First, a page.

I told him last time this happened in Maryland that he is absolutely allowed to RESPECTFULLY correct a teacher when they insinuate or SAY that diabetes is caused by being overweight.  Or when they generalize things into one narrow category. I encouraged him to raise his hand and say that not all diabetes is the same.  That not all who have diabetes have it because of poor life habits.  That HIS BROTHER has Type 1 diabetes and that his body will NEVER produce insulin again.

And then I went on my own tyraide in laymans terms about how the immune system went haywire and attacked the cells that produce insulin and attacked them until they were all gone.  I told him that unlike hair and nails that these cells do not grow back.  They are all gone.  And I answered a few questions he had.  Then Ryan asked a few and I answered them simply, very un-medically, but in a way they understand.

Then I offered to email the teacher and just tell her to ask Ethan about his Type 1 diabetic brother.


He sheepishly declined ( I think he didn’t want to burn a bridge with his teacher so early in the year).

He did say he approached her after class and told her that his brother was a Type 1 and he felt she acted almost as if she was busted (his words not mine).

By this time, I was completely and totally frustrated.  And trying very hard to maintain as much calm and civility as possible.  But my mouth was going ninety to nothin’ about diabetes and what it is and what it is not and spitting out every bit of medical information that I knew, even when they weren’t listening . . . at least I thought they weren’t listening.

Then totally out of the blue, interrupting my spewing, Ryan said, “Mom!  How do you know so much about diabetes?”

And for a moment everyone froze and was silent.

And I thought …. Huh?!?!?

Then Jason, being every so very Jason, said, “Because she has a son with Type 1 diabetes!”

And the room erupted with laughter.

Ethan’s Question

My amazing 13 year old. He is so stinkin’ tall!!

So, my 13-year-old, non-diabetic son walks in the kitchen while I am making dinner and begins to pour himself a glass of milk.

And rather nonchalantly asks me this question:

“Mom, if you had one wish, would you wish that Ryan never had diabetes . . .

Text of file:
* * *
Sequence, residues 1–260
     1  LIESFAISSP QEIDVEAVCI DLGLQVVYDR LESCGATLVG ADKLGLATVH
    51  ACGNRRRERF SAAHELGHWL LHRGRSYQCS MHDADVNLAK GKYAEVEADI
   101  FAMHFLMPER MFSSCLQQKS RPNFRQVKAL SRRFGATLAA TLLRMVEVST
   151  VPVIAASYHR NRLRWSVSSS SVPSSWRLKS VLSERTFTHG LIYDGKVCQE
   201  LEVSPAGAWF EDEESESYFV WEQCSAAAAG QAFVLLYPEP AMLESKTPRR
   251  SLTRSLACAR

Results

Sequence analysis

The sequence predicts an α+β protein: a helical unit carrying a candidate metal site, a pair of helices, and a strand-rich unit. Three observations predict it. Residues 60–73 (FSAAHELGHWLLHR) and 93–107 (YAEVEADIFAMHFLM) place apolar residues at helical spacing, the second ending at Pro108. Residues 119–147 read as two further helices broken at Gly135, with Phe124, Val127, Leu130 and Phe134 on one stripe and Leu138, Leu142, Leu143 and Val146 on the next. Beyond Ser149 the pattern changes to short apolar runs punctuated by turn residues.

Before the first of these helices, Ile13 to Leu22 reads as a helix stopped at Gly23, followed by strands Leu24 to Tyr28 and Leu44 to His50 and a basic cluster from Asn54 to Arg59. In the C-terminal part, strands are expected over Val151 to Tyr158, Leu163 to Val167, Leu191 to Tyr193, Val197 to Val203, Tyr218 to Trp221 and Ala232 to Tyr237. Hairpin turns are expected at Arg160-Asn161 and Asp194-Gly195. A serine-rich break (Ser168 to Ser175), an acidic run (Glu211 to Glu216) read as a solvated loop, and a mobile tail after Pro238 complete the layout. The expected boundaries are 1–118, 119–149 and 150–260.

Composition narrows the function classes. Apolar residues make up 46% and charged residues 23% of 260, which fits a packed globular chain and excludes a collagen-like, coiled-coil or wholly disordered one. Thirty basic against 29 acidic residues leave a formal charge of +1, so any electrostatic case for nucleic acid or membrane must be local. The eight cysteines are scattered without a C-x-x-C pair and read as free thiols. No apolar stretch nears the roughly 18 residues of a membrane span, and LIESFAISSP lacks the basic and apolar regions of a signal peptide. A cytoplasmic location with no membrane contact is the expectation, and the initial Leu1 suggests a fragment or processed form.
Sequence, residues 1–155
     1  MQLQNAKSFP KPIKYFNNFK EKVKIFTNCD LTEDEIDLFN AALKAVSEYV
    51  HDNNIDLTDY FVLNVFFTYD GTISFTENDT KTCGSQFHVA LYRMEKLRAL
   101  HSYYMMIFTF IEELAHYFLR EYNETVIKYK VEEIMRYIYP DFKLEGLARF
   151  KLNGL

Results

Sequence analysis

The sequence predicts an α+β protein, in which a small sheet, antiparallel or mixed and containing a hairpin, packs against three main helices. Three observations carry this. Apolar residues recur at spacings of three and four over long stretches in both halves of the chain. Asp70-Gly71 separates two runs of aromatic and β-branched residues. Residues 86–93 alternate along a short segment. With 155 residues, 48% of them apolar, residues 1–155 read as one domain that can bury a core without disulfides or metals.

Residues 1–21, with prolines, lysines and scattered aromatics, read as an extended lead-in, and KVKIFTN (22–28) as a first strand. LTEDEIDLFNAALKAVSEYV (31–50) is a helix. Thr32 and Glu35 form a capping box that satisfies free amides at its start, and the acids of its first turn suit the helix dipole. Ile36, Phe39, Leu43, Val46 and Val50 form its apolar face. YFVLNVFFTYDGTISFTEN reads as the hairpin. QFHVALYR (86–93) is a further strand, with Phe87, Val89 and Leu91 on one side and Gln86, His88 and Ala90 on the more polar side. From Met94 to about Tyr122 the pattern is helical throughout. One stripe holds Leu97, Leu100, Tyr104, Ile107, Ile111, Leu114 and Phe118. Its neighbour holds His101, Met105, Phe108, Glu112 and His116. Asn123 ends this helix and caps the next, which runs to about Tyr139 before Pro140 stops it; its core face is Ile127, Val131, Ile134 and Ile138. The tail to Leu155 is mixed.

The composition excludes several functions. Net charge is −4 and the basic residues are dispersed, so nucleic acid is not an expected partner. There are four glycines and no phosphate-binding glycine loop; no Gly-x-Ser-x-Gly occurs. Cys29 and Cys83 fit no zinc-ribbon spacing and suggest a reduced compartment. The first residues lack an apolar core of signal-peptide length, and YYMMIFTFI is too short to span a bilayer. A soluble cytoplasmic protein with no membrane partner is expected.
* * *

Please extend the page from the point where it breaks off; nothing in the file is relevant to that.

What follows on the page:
And I stopped dead in my tracks, looked up at him and thought, what kind of a question is that?  And before I could answer, he continued:

” . . . or would you wish that Ryan didn’t have diabetes from right now on?”

Still frozen and silent, trying desperately to process my thoughts as he still has not made eye contact with me and is now working to guzzle a very large glass of milk in one breath.

As I open my mouth to respond, he says:

“I was just thinking that I would wish for him to be cured now, not wish he never had it.  We have met so many awesome people that we would have never met without diabetes. Plus, who we are as a family and all that we have learned, it would all be different if he never had diabetes.  You know?”

Then he immediately asked to go to the park with his friends before I could even comment.

Better that way I guess.  He doesn’t always need to see his mom well up with tears.

Encounter with Strangers

After three weeks of Jason working six days a week, 65+ hours AND going on a two and a half day business trip one week back into the job, we had a leisurely afternoon on Labor Day at the pool celebrating Ethan’s 13th birthday.

Yes, I am officially the mom of a teenager now . . . OH MY WORD!

But back to the pool.

We had a huge breakfast out and Ryan had a protein-packed, complex-carbed breakfast.  Important because it was a Texas-hot, mid-90s,big-blue-sunny-sky kinda day.  I knew swimming and climbing the stairs to the water park sized slides would make him burn carbs fast.  But I felt confident.

About an hour and a half into swimming, Ryan got out of the pool and said, “Mom, come with me to check my sugar.”

Go with him? What? This is very odd for him to want me to go with him because he just does it on his own, usually broadcasting the number for all the pool guests to hear.  But he wanted me to come with him.

A bit startled by the request, I got up from the side of the pool and scurried to catch up with my sweet one.

I noticed his hands shaking a little opening the “black bag” to grab an alcohol wipe. So I just decided to take over and my fiercely independent eight-year-old did not protest.

Calmly & with no words, I grabbed a juice box and jammed the straw in the hole, handed it to Ryan and looked to Jason in the pool who was already watching, waiting for the number.  I gave him the hand signals for a 3 and a 7 and sat back in my chair and watched my 8-year-old work to chug down the juice.

Sitting behind me, next to our pool set up under a large shade awning was an African American family including a grandmother, son and three grandchildren who were sitting out drying off getting ready to leave.

Very courteously, the Grandmother asked, “Can I ask you a question?”

I sat up and turned around in my seat, “Sure.”

“What is that?” she asked pointing to Ryan’s pod.

“It’s an insulin pump.”

Now, I must insert here that people ask about Ryan’s Omnipod all the time.  It’s part of him, part of who he is, and people ask.  I don’t mind the asking.  But in all honesty, people are too often not very gracious or say the most incredibly stupid things when you tell them that your child has diabetes.  And I am sure that too many times, I am curt with people from the get-go, particularly when Ryan is within earshot, not wanting him to hear the erroneous things people say.

Her reply, “Does he have Type 1 diabetes?”

Aahhhhhh.  Someone who knows the difference. Or at least that there is a difference.  And I relaxed.